It's Our Party: Cooperatively Owned Good Foods Market & Café Celebrates Its 40th Birthday All Month Long

Good Foods Market & Café turns 40 this month. Images from recent special events.

Good Foods Market & Café turns 40 this month. Images from recent special events.

I own it. My Best Man owns it. At least 5,548 other people own it, too. We own it cooperatively, this successful grocery and café enterprise called Good Foods Market and Café (one of Savoring Kentucky's treasured sponsors.) Thanks to the incredible staff, we have several ways of celebrating:

  • Harvest Sampling Saturday – October 6, 11 am – 2 pm. Music 11:30 am – 1:30 pm by Michael Fogler. Sampling Saturdays offer opportunities to try new foods and meet the all-important people who produce our food. Careful: you may end up with new items on your plate. Hello, Blue Sky Shiitake, which I tasted for the first time about two months ago, and now must have each time I visit the store.You, too, Bill Sanders First Fresh Extra Virgin Olive Oil.
  • Co-ops Rock! Co-op Education Fair – October 13, 11 am – 2 pm. Celebrate the cooperative spirit and meet other local co-ops working to make our community a better place. Music 11:30 am – 1:30 pm by Jerome Lange.
  • Happy 40th Anniversary: Cake Time! – October 20, 1 – 4 pm. What does such an important birthday deserve? Free birthday cake, coffee, cider, music, and giveaways.

Savoring Kentucky congratulates Good Foods on its excellent physical and fiscal health as it reaches this important milestone. Long-time General Manager Anne Hopkins says roughly 1,000 coops launched within a few years of Good Foods Co-op's birth as a buying club in November, 1972. About 200 coops remain in business today. National Cooperative Grocers Association, a business services cooperative for retail food co-ops, including Good Foods, says it includes "128 food co-ops operating 165 stores in 35 states with combined annual sales of over $1.4 billion and over 1.3 million consumer-owners." Those are big business numbers, considering the humble origins of many of the co-0ps.

Good Foods has enjoyed extended periods of good leadership, particularly during the administration of the steady, wise, kind, current General Manager, Anne Hopkins. In addition to all those sober characteristics, I must add that she loves costumes and laughter and fun. Her guidance and patience helped stabilize Good Foods at two crucial periods: after a move from a disastrous location to the present set of buildings, and again when she returned to management after the store faltered while she tried private sector work for a time. Thank you, Anne.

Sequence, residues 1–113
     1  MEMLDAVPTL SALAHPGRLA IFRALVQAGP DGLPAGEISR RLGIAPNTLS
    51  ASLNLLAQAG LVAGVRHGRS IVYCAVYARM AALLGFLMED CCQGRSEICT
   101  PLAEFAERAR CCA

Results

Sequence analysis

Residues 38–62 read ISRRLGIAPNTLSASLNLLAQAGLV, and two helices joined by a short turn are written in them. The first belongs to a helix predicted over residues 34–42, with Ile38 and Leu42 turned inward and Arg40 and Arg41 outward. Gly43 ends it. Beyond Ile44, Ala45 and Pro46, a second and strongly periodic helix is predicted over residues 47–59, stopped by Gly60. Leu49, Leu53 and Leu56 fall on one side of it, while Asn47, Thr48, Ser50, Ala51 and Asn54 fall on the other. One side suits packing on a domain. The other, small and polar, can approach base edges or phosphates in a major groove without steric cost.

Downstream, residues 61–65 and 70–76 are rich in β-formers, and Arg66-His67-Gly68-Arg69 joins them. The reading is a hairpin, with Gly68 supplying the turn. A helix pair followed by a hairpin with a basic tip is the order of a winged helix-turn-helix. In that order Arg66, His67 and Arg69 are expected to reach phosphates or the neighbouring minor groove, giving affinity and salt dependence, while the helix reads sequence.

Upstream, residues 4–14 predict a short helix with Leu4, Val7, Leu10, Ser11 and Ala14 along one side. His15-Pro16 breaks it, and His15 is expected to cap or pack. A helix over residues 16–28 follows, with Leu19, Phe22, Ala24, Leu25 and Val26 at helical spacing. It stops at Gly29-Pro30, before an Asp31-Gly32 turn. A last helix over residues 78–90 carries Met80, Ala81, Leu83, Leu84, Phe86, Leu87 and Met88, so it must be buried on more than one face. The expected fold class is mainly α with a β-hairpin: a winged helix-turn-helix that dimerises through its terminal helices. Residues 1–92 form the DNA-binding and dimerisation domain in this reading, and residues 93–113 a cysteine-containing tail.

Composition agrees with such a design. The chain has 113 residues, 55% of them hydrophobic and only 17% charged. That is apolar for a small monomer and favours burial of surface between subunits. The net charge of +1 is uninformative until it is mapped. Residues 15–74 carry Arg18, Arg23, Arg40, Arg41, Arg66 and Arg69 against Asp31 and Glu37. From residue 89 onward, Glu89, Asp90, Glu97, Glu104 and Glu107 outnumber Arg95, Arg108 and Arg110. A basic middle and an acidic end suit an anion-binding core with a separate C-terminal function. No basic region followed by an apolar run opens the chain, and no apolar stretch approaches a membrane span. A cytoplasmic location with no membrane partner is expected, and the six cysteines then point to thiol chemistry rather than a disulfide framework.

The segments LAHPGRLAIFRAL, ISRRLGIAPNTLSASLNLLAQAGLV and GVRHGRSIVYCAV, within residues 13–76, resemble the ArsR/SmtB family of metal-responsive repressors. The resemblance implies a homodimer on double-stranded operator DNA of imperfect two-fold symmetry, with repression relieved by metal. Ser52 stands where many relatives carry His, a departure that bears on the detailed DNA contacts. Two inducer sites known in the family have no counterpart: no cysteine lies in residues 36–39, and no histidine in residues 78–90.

I joined Good Foods when it was a buying club, sometime between its founding late in 1972 and August, 1973, when I left for my grand Peace Corps adventure in the lovely Philippine Islands. By the time I came home two years later, Good Foods had a storefront, its second. The Good Foods website presents a good history of key moves and decisions leading to the present store and cooperative organization.

My idiosyncratic list of key moments in Good Foods store and organizational history:

  • Each move: Short Street, Ashland, Woodhill, Southland Drive
  • The end of the work requirement
  • Changing the no-sugar policy, which meant that foods for sale could contain sugar (though other substances, such as trans-fats, are not allowed)
  • The first sales of meat
  • Opening the store to non-members
  • The year annual sales first topped $1 Million (they are now more than $10.2 Million annually)
  • Anne Hopkins agreeing to move from board to staff, and into management
  • Adding a café
  • Creating an explicit cooperative ownership structure
  • Having sales flourish at each point when credible competitors have opened stores that might taken customers and sales from Good Foods
  • Danielle Dove's arrival as Marketing Manager
  • Alex Jenkins's arrival as Chef
  • Owner numbers topping 5,000
  • Recent renovations completed
  • The explicit focus on local producers and commitment to participate in strengthening a resilient local food system

Going forward, Good Foods now sits at the grownup tables in our community and region, playing an increasingly important role in efforts to improve our community's health and forge a new, sustainable food production and distribution system. My birthday wish for all of us who make up Good Foods: in meeting the challenges and opportunities of the next 40 years, may we continue to benefit from the selfless, tireless, inspired leadership and clarity of purpose so many board and staff members have demonstrated during the first 40. Birthday hats and cake for all!

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